Useless were it to recall to the minds of our readers all the obligations under which the arts lie to Rubens, whose talents cast so much lustre on the seventeenth century; or to his illustrious disciples, Vandyck, Crayer, Van Hoek, Jordaéus, and others. Nor is it more than necessary to cite the names of Breughel, Teniers, and Van Oost. In sculpture and architecture tlie two brothers Duquesnoy of Brussels, Koeberger of Antwerp, Henry Pascheu, and François Romain have left behind them splendid monuments of taste and elegance.
During the last century the arts and sciences have also flourished. John Palfyn made many precious discoveries in anatomy, and Noel Joseph Necker published a work of extraordinary merit on botany. Leonard Vanderlinden of Brussels was the first who taught zoology in that town; Sanderus, Paquot, Joseph Guesquiere, Count de Nény, Joseph Rapsaert, Martin de Bast, Charles Dierix, &c., by their immense and laborious researches materially contributed to enlighten the historians of their country, and inculcated in the breasts of the Belgians that affection for the study of history which characterizes them even at the present day. The names of Suvée, Ducq.,
Balthazar Ommeganck, and Pierre Joseph Redouté remind us of four individuals who attained to an eminent rank in the catalogue of distinguished painters. Anthony Cardon became one of the most celebrated modern engravers; and all the nations of Europe have produced disciples of the famous Gérard Edelinck. Chasing and working in gold and silver were brought to a high state of perfection by Pierre de Fraine and Nicholas Mivian, of Liege. Michel Rysbrack, whom the English selected to make the mausoleum of the immortal Newton and the equestrian statue of William the Third, was a native of Antwerp. Lastly, mechanics were illustrated by Pierre Denis of Mons, on whom Delille has bestowed the flattering title of the Modern Archimedes.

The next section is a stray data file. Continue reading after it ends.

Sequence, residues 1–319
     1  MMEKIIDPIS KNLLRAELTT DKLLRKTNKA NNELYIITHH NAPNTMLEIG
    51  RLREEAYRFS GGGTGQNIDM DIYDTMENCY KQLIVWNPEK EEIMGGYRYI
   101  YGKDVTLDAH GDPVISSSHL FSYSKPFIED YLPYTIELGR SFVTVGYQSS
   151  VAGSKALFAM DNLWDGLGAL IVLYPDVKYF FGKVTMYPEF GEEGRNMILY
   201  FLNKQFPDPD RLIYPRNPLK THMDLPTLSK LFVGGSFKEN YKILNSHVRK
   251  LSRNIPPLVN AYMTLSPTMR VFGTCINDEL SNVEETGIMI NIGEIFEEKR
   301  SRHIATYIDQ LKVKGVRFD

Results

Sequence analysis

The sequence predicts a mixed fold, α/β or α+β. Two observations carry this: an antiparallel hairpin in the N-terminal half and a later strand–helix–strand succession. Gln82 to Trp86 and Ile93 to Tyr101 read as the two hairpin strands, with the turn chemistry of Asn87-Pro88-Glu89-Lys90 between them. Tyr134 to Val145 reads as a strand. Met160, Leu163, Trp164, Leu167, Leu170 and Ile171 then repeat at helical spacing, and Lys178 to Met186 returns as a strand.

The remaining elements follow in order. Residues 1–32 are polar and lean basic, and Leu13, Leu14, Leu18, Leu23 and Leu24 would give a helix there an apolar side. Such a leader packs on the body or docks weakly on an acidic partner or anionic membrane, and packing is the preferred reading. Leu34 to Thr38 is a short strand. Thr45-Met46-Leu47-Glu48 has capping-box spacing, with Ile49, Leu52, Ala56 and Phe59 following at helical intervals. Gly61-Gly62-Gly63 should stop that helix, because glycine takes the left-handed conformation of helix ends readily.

Many illustrious names have been necessarily omitted in the above short sketch; but it is our intention, in a future article, to retrace our steps, and, in pursuing the same ground, to make elaborate mention of the discoveries and inventions for which the world is indebted to Belgium, as well as to give a perspicuous sketch of the progress of their literature, from the warlike airs composed by Louis the Third on the defeat of the Normans in 883, to the present time.
 Original citation: G.W.M. Reynolds, ‘The Progress of Civilization in Belgium’, The Monthly Magazine, November 1837, pp. 510–14.
 This celebrated sculptor is generally called by the Italians, Egidio Framingo.